A doctor who has never been to school. A solar engineer who has not studied beyond eighth grade. An accountant who could never read or write properly. Sounds bizarre? All of this is happening and happening very well in the Barefoot College, Tilonia in Rajasthan. A brainchild of Bunker Roy, the Social Work and Research Centre, better known as the Barefoot College trains and nurtures professional doctors, solar engineers, accountants, water management persons, handicraft manufacturers and so on, out of people who may never have had proper formal education in their life.
As Tata Jagriti Yatra progresses towards Tilonia, the group is warmly welcomed with creative puppetry. Jokhim Chacha (the puppet) introduces the yatris to the concept of the Barefoot College and invites them all to discover this unique initiative started in 1972. As if giving just a slight peek into the wonder land, Ramniwas ji from the media team at Barefoot College shared his experience, “When I had first heard about the Barefoot College, I came and dropped in my application. I was told that I will be looking after the accounting work. I did not know anything about accounting, or even simple math. Soon, I started seeing 8 and 5 as 13 and not 85! Now after ten years, I have moved into media and puppetry, promoting this unique art with a social message.” The Yatris also hear about the wonders Tilonia has done for women, from getting them out of their houses to learning new skills and gaining the much deserved respect and equal status in their communities.
As buses take us from Kishangarh station to Tilonia, the feel of the fa scinating desert and vast lands with sparse plantation becomes more and more evident. With the growing mystery of the deserts, the need to unfold the mystery of Tilonia’s story also builds up. As we reach, the first sight is a cluster of brick structures, built at comfortable distance from each other interspersed with greens. These structures represent the various arms, be it the ‘Saras Doodh Dhaba’, the dairy or the medical centres, libraries, childcare centre, etc. Inside the Barefoot College, one tends to forget that it is Rajasthan. There is plenty of greenery. What’s the secret? Ramniwas ji tells us how the entire campus has a water reservoir of 4 00 000 litres capacity, built underground for storing rainwater. It is this water that is used for maintaining the plants. The judicious use of resources is futher highlighted by the fact that the entire campus runs on solar energy!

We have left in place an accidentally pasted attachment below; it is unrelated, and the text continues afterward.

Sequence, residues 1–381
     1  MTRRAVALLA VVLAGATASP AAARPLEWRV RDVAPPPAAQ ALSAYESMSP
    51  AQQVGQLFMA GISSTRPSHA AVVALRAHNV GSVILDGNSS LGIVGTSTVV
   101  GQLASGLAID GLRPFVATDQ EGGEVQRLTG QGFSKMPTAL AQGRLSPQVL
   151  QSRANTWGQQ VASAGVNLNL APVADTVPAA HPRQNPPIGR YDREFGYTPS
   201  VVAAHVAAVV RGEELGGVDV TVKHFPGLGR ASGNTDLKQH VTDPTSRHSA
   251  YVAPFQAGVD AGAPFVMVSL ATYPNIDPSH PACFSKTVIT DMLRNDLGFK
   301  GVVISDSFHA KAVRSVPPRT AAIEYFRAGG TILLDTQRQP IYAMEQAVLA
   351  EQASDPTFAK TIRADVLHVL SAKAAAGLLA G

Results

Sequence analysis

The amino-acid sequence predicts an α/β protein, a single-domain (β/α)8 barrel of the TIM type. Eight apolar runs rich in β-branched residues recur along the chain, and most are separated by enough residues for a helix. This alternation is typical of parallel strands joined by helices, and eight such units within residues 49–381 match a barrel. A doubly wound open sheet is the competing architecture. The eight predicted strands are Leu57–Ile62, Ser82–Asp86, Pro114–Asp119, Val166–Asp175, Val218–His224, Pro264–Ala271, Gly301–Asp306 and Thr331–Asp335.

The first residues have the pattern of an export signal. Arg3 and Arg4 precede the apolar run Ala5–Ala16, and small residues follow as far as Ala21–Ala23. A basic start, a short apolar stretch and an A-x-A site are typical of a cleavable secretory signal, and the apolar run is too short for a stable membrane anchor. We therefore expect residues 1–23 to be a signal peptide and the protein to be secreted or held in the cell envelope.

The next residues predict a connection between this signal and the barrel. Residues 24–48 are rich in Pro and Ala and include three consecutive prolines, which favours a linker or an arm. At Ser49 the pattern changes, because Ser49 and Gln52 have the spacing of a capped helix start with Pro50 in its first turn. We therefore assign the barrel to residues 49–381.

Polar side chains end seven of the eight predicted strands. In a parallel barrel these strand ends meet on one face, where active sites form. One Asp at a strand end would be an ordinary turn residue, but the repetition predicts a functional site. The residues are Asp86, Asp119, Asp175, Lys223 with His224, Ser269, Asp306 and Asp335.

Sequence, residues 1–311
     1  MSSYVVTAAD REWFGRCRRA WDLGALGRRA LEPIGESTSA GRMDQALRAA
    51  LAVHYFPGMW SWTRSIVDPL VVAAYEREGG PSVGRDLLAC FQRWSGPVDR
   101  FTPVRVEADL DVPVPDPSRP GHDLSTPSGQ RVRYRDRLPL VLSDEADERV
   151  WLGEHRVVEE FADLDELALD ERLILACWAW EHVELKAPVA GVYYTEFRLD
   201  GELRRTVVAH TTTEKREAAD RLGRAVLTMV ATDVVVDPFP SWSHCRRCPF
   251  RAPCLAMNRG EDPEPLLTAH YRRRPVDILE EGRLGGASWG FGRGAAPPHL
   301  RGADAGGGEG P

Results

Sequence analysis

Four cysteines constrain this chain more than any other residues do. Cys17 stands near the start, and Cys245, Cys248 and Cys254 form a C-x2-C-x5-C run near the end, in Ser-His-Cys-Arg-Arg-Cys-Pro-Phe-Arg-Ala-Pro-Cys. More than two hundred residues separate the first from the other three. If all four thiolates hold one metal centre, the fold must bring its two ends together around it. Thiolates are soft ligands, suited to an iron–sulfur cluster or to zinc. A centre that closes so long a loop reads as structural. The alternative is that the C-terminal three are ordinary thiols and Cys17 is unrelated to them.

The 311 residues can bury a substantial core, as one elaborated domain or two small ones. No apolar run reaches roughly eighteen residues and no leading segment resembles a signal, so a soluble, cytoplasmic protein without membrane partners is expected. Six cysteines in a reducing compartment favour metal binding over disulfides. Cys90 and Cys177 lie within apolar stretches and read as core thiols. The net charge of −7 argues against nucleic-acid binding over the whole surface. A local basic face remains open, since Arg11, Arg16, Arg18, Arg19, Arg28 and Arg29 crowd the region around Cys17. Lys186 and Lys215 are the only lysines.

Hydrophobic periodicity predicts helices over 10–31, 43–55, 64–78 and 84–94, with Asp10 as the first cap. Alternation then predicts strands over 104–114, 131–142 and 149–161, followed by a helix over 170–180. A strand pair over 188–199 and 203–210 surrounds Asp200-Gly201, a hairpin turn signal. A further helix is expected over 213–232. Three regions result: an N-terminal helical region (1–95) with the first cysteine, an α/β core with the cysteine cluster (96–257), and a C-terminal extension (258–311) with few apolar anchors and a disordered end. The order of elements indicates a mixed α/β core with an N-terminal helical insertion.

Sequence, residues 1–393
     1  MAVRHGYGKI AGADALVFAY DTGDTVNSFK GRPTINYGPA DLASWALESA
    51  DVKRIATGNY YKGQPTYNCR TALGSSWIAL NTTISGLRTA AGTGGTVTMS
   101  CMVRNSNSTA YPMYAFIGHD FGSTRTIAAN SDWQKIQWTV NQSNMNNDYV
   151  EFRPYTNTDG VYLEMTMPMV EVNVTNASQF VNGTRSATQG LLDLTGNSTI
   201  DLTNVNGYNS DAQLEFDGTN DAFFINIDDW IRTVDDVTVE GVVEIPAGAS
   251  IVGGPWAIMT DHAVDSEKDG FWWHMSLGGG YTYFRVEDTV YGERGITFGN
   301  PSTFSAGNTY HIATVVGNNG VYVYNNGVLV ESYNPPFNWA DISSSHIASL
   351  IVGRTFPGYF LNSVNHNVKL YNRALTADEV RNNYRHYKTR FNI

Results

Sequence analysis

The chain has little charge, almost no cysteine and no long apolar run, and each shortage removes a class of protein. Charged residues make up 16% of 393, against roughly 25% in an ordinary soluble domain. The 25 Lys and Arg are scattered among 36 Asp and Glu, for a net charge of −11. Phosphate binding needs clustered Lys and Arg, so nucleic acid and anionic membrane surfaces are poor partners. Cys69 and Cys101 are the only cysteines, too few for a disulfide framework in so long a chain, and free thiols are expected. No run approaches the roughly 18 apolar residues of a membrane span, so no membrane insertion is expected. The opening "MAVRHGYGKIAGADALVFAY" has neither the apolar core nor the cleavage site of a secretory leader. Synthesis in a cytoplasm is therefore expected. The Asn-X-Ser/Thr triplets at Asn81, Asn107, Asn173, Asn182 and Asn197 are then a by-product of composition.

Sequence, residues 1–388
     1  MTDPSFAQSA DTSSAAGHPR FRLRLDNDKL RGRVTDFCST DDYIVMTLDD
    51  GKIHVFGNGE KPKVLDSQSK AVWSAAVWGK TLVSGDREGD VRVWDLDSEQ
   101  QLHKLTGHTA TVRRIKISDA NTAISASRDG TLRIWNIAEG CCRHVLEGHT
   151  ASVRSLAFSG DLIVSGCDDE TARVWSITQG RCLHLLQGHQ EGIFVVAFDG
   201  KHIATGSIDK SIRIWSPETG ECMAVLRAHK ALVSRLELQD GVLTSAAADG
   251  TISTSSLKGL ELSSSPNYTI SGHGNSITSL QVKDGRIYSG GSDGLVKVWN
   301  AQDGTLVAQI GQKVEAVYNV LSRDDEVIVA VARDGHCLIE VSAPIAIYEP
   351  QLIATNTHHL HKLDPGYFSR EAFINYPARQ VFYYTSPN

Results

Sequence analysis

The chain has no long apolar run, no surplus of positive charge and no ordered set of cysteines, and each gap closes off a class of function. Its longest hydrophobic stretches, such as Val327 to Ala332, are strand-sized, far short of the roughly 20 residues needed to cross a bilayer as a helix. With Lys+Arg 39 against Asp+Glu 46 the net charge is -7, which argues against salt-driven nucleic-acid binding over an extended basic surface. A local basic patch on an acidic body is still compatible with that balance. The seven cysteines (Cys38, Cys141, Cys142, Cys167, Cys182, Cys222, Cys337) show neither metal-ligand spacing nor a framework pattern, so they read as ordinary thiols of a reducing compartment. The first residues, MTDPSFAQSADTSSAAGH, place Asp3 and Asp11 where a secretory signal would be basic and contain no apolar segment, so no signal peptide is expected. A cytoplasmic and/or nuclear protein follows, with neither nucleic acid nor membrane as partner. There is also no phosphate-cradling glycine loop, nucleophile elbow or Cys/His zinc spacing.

On the first floor, we visit workshops and training centres for women of various nationalities who come together and learn circuitry, both lab circuits and lantern circuits, their assembly, maintenance, etc. These women come from the poorest of areas in Congo, Jordan, Kenya and other such countries to learn these skills for 6 months. They, then, go back and provide electricity in their own villages. Even though the number of women trained at any one point is fairly small, the success of the model relies on how many go and make a difference with what they’ve learnt. I meet Walri from Columbia and Tinga Sama, two women who re undergoing these training programmes. They are least bothered about the language barriers. They pick up colour codes used in circuitry quickly and then all they need is an ‘okay’ or a ‘not okay’ from their trainers, to know if they are on the right track. Imagine teaching a child who doesn’t speak or understand your language. The women trainers at the Barefoot are teaching women, even in their forties, who’ve come from countries they’ve never heard of and speak a language they can’t hope to decipher. Yet, there is a feeling of never giving up as they overcome these barriers. Probably, that is also the reason why these programmes are run for such a closely-knit group and not thousands of women at once.
We then move on to another innovative programme of the Barefoot College, the production of sanitary pads under the brand name ‘Sathan’ meaning ‘together’. A group of 5 women making about 400 units every single day, after only a week of training is definitely a case in point! Shanti, one of the women, explains, “I was earlier working in the farms. For the past five months, I have been here and I am very happy. It did not take me much time to learn.”
What makes the Barefoot College what it is, is the people and their warmth. Here, a complete stranger would not hesitate to show you around or help you find your way. Their love for their villages is unmatched. Meghraj, who has been working in the medical section since 1984, comes from the humble village of Chota Narela. He has studied only up to eleventh grade but today, he is more than happy to work here. His wife also works in the Barefoot College. I ask him whether his children want to grow up and go settle down in the cities. He exclaims, “No! They want to be in the villages. They like it here.”
A day in Rajasthan is incomplete without a cultural touch. As if in response to my thoughts, the stage is set and young kids from the village sing their traditional songs. Later, the yatris join in and dance away to the folk tunes! Tilonia couldn’t get any better.
- Unnati Narang
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